We are working in an age where employees are expected to adapt and excel faster than ever before. While this is true at every level, today I wish to focus on middle and senior-level managers. As these ladies and gentlemen transit to new roles, enhanced job descriptions or brand new jobs, I see many of them struggling.
They particularly find it difficult to :
- Embrace the new realities of their role
- Manage expectations of diverse stakeholders
- Deliver to goals that are no longer unidimensional, often with conflicting objectives
Strong commitment to their jobs in terms of time, passion or both doesn’t solve for these challenges. Neither does functional competence. These are necessary but hardly sufficient. In my experience, I have found the following 5 strategies quite effective in handling the transition smoothly and emerging victorious.
Your First 90 Days
Initial days in the new role can be daunting. Many employees try to make the “right impression” while a better strategy would be to make the “right assessment” of the situation and then “right positioning” yourself. In my view, the first few days are the times of maximum learning. Your team, supervisor and stakeholders would most probably allow you to have this small window of time to ‘settle in’; no more and no less. Hence, it may serve you well to structure it meaningfully.
Divide every week into the number of hours you will spend on each of the below:
- Get to know your team, engage in groups as well as one-to-one with them. Have individual sessions with your supervisor and skip level leader;
- Familiarize yourself with functional goals, operational plans, performance parameters, what’s working and what’s not and what’s coming ahead
- Understand the pulse of the business, its key levers, and voice of your customers and stakeholders
- Your immediate deliverables on the job.
Give this rhythm 90 days and notice how this gives you a head start. A good start is a job half done!
Become a Master of your Time
So you have broken down your formidable goals into detailed project plans and are keeping a watchful eye on what could derail or delay timelines. Now what?
How about putting your KRAs to the ‘Calendar Test’? Slot your calendar hours into KRA related activity slots, such as diagnosing, workshopping, stock-taking and reviewing, and making necessary changes along the way. This will help you stay on track and also ensure that other demands of work do not come in the way of your critical projects. Introspect on this daily for 10 minutes and course-correct weekly, if needed.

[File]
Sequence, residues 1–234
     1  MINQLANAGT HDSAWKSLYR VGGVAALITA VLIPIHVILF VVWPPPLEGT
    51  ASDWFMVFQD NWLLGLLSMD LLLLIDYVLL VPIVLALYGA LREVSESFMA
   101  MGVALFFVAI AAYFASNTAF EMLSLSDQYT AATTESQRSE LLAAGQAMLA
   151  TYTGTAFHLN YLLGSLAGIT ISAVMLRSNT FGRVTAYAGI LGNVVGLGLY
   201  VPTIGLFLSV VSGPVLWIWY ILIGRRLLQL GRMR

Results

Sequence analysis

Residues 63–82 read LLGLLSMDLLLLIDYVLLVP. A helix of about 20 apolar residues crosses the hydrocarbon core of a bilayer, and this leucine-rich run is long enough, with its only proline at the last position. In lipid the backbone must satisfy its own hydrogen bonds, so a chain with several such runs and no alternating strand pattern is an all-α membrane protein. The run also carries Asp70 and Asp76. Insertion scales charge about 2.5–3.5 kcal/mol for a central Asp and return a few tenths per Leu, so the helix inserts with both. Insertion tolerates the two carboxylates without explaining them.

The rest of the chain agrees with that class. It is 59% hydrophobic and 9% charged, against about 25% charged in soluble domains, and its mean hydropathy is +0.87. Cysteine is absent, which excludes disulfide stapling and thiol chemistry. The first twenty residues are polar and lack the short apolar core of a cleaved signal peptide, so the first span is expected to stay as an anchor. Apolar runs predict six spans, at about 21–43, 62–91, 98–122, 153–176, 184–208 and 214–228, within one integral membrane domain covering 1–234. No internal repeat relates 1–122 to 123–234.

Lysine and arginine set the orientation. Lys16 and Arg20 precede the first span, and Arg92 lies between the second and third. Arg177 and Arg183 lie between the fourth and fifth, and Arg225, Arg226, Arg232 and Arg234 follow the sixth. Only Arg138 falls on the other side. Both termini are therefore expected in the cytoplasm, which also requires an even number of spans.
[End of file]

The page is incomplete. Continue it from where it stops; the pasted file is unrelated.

Prioritizing also helps you make room for personal, family and social time. Nurturing your passions, taking breaks or spending quality hours with people who matter to you, all become more achievable.
Focus on Downward instead of Upward Management
The adage, “People don’t care how much you know until they know how much you care” is true. Attending to your team’s needs, showing them a new way to solve a deep-seated or persistent problem, or teaching them ways to systematically solve new issues that could potentially arise – all these efforts will not go unnoticed.
One cross-functional team I closely worked with, named themselves ‘RETRO‘ - Rightly Engaged Team that gives Roaring Outcomes. And when desirable outcomes come by, the ‘upward’ folks won't need to be “managed”.
Over Manage Intersections
Everyone reading this has been in one or more situations where cross-functional members have played a vital part in the success or failure of a project. Yet, we mostly take it as a given or a necessary evil. However, converting these interactions and co-working scenarios into a win-win is eminently doable as long as we practice the 3 As:
- Accountabilities are clearly set at the start and monitored;
- Alignments at key levels in the hierarchy and at key milestones in the project journey are taken;
- Appreciation for members stretching themselves, volunteering new ideas or proactively leading tasks, is given in the right dose at the right time.
Many challenges become manageable and many problems won’t even see the light of the day, if this approach is followed.
Work with a BOT (Build-Operate-Transfer) mindset
When it comes to meticulous execution, I believe diligence and tenacity have no substitute. So give the work all you’ve got and it is highly likely to result in an outcome that both you and the organization can be proud of. Whether it takes you once, twice or more, create an operational model that is built to last.
Also remember, that transferring ownership of projects is just as important as investing your heart and soul into them. Not only does this pave the way for others to learn, but it also frees your bandwidth to grow further and engage yourself in newer, interesting ways. Being engaged (with your work) and detached (from its fruits) at the same time can be tough, but truly liberating, as you would realize in the long run.
So that’s that... the five mantras I believe can help you stay on top of your game. Good luck!